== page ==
• Proposed Business Model in Healthcare 23andMe Consumers $99 DNA Report Labs RI Govts Money Service DNA Physicians Referral fees & commission Referral Nutritionists Dieticians
    • Recommendations CUSTOMER SELECTION VALUE PROPOSITION VALUE CAPTURE SCOPE OF ACTIVITIES STRATEGIC CONTROL Genetic Services in Sports
    • The New Frontier
    • Yao Ming and His Family A “Natural” Selection • Yao's grandfather, one of Shanghai's tallest men, was discovered too late for basketball but his son, the 6ft 7in (2.01 m) Yao Zhiyuan, soon found himself dragged into the sports system. • There he was paired off with the 6ft 3in (1.90 m) Fang Fengdi, China's women's captain (more than half a foot taller than the average man in Shanghai) • The two were encouraged to marry in a system with undertones of eugenics, the controversial gene-pool manipulation espoused by the Nazis and previously trumpeted by Beijing. • Yao's birth had been anticipated for decades by communist officials - desperate to boost national pride through sports - who had been tracking his family for two generations. No accident … Yao Ming towers over Jason Smith. Photo: AP http://www.smh.com.au/news/basketball/yao-ming-the-basketball-giant-made-in-china-by-order-of-the-state/2006/01/18/1137553645228.html Yao Ming and Shaq
    • “Sports” Genes • In 2003, a seven-scientist team tested some 400 elite athletes for the ACTN3 gene. • Everyone has two copies of that gene, each of which comes in one of two variants, R or X. • The R variant instructs the body to produce alpha-actinin-3, a protein found only in fast-twitch muscle fibres, the kind that contract rapidly and violently to facilitate explosive movement • Genotyping an individual as a XX genotype is positively associated with endurance performance. • Not a single one of the 32 Olympic sprinters in the study had two X variants. http://www.google.com/patents/EP1546403B1Actn3 genotype screen for athletic performance http://www.ncbi.nlm.nih.gov/pmc/articles/PMC1180686/ ACTN3 R X Figure was taken from Yang et al., 2003.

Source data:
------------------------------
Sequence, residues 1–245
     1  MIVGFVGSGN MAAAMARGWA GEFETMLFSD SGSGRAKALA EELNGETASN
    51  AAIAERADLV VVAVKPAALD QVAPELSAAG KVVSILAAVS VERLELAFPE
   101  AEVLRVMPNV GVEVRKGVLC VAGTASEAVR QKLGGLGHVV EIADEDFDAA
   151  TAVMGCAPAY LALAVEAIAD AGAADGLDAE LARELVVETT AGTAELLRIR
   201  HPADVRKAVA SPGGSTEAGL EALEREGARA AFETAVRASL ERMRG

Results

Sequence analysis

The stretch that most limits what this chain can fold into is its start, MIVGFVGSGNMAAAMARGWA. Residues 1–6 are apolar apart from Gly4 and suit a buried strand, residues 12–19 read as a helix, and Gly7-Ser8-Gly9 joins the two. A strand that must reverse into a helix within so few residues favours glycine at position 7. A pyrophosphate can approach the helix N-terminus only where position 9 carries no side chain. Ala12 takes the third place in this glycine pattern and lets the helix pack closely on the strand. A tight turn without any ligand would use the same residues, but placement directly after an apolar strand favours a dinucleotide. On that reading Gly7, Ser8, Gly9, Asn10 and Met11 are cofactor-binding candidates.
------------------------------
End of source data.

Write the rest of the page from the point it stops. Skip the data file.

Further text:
• Transcended mere chatter • In the wake of the '03 study, the Manly Warringah Sea Eagles of Australia's National Rugby League began testing players so that workouts could be tailored for those apparently more disposed to explosive powerlifting and sprinting Beyond ACTN3 • The Duke football team sought institutional permission to submit players' DNA to a university researcher who will look for genes that predispose players to particular injuries. http://www.sportscotland.org.uk/media/701955/the-speed-gene.pdf http://www.ncbi.nlm.nih.gov/pubmed/23681449 Sports Genetic Screening (1)
    • “Injuries” Genes http://www.academia.edu/3139286/Athletic_performance_and_risk_of_injury-Can_genes_explain_all • Athletes are at increased risk of acute and chronic musculoskeletal tissue injuries as a result of training and/or competition. • Many are polygenic traits, with each individual gene having a small effect on the phenotype, but added together having a significant contribution. • Predisposition to muscle, tendon, ligament, and/or other injuries can negatively impact an athlete’s ability to train optimally and perform during competition • Ultimately ending their competitive careers or preventing them from reaching their full potential.
    • Uzbekistan Is Using Genetic Testing to Find Future Olympians The country is experimenting with "sports selection at the molecular genetic level." Ron Synovitz and ZamiraEshanova Feb 6 2014, 12:59 PM ET • Rustam Muhamedov, director of the genetics laboratory at Uzbekistan's Institute of Bioorganic Chemistry, announced the program for "sports selection at the molecular genetic level" on January 5 in the government-owned Pravda Vostoka newspaper • Muhamedov says that after the 50 genes of a child are tested from a blood sample, "their parents will be told what sports they are best suited for"— such as distance running or weightlifting. • Muhamedov's announcement marks the first time any country's Olympic Committee has been officially linked to a program using genetic tests to recommend specific sports programs for children. Sports Genetic Screening (2) http://www.theatlantic.com/international/archive/2014/02/uzbekistan-is-using-genetic-testing-to-find-future-olympians/283001/ Uzbek weightlifter Ruslan Makarov at the London 2012 Olympic Games. (Reuters/Dominic Ebenbichler)